Filmmakers are aware of the difficulties inherent in their profession. Both the group-level and individual-level factors referred to above are shaped in response to the nature of their profession. In their everyday practice, they face many situations that are standard elements of their work, e.g. fear of idleness (e.g. not making it through a casting and thus not getting hired for a film), the unpredictability of their profession (e.g. a co-producer withdraws from the project), living in two parallel worlds (i.e. personal and professional), the need to be flexible (e.g. seven days a week, irregular working hours), subjective assessment of their performance (e.g. reviews or audience rating), or time and financial pressures. Being aware of the factors that derive from the nature of filmmakers’ professions allows them to be better equipped and prepared to face the everyday challenges of the production phase.

Quality of Collaboration

The final category includes (a) collectivity, understood as a situation when film production crew’s working standards are imposed by the director, and the job of particular crew members is to understand and follow clearly defined directions within the collaboration. The quality of collaboration also much depends on the crew’s awareness regarding the goal to be pursued, and on the sense of individual responsibility for the final outcome of the pursuit (e.g. particular crew members being responsible for the decisions taken and facing the consequences of these decisions). In order to optimize the workflow and proceed according to the production strip board22, it is important that all crew members be familiar with the tasks that need to be carried out by each of them, stick to their qualifications, be able to distance themselves (e.g. from their ideas, including the ability to withdraw from them if they appear to be of no good to the film), and be able to tackle difficulties and look for solutions together. Of immense importance is the role of a director, who is in a privileged position to influence the sense of collectivity as this quote illustrates:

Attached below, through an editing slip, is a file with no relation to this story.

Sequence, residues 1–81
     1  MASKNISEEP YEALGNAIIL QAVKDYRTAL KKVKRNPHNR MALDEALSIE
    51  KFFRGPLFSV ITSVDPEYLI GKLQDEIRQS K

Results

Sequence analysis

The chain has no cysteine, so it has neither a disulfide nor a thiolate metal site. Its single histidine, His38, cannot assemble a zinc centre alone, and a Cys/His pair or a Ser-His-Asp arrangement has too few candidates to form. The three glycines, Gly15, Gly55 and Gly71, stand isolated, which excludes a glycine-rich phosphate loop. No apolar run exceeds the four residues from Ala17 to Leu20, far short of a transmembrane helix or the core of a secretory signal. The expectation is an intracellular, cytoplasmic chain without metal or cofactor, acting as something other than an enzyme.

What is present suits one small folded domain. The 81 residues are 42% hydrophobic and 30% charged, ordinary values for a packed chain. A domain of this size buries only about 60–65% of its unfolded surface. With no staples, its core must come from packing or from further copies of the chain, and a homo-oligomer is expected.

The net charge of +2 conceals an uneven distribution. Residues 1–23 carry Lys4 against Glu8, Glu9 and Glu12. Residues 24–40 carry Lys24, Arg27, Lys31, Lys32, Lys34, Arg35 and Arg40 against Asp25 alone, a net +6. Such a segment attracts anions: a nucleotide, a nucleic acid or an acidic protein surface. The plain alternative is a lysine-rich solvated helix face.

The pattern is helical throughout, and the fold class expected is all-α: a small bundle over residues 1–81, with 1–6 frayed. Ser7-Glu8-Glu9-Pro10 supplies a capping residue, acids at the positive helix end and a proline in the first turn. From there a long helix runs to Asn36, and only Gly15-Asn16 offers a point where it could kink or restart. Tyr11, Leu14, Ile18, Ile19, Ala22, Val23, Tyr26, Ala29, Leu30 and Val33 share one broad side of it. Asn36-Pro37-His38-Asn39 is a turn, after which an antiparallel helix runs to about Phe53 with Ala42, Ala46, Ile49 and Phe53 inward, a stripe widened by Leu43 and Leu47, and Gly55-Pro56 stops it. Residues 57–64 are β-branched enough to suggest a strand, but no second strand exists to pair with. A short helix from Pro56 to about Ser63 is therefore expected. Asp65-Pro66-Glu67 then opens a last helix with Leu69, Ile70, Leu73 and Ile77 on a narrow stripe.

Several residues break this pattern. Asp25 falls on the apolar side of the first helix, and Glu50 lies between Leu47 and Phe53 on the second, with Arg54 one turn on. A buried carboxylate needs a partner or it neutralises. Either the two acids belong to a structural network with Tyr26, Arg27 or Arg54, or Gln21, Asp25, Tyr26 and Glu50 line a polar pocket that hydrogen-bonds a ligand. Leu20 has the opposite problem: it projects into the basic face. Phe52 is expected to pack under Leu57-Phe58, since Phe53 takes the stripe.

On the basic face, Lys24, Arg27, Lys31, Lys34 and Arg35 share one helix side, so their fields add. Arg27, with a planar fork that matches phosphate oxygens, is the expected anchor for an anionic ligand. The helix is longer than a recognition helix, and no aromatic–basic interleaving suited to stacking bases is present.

“The filmmakers are more likely to collaborate effectively if they like the project. I have always believed that a director must inspire the collaborators, he [a director] has to care to ‘infect’ others. It’s a bit like being a commander, a leader. If a leader doesn’t believe in a victory, then the followers will not believe they can succeed. It would affect their morale without a doubt” (Director 16).

Another element is the quality of relationships (b); filmmakers stressed that a partnership approach, readiness to show support, and the ability to accept mistakes made in the course of the filmmaking process favour collaboration and creative success. Moreover, an authentic and empathetic attitude, trust, openness to collaboration, and respecting collaborators and their work all contribute to building relationships between individual filmmakers, as one of the participants said:

“…. in the meantime, little gestures cost only three minutes, but they so positively influence our work and collaboration (Make-up Artist 1).

Also, appreciating the contribution of particular crew members by providing positive reinforcement translates into their engagement and perseverance in pursuing a given goal.

The last element involves perseverance (c), meaning: determination, persistence, consistent behavior, patience, and readiness to engage in hard physical and mental work in the face of challenges filmmakers encounter in their everyday practice. The following quotes from two leading directors illustrate the significance of perseverance:

“Apart from successes, there is the everydayness – regular training which entails setting aims and goals for yourself without the support of fans, without the applause – as if you were in solitude. That’s the reality of working on a script, and before that, searching for a topic. That’s also the reality when you apply for funding and when you try to convince various institutions to finance your project” (Director 3) and

“I think that a so-called talent is only worth fifteen percent in my profession, the rest is stubbornness, persevering, and having the constitution of a horse. I believe that without perseverance it won’t be possible to achieve what you have planned. If I decide to do a certain film, then I will push until the end and not allow myself to be discouraged by, for example, lack of money” (Director 15).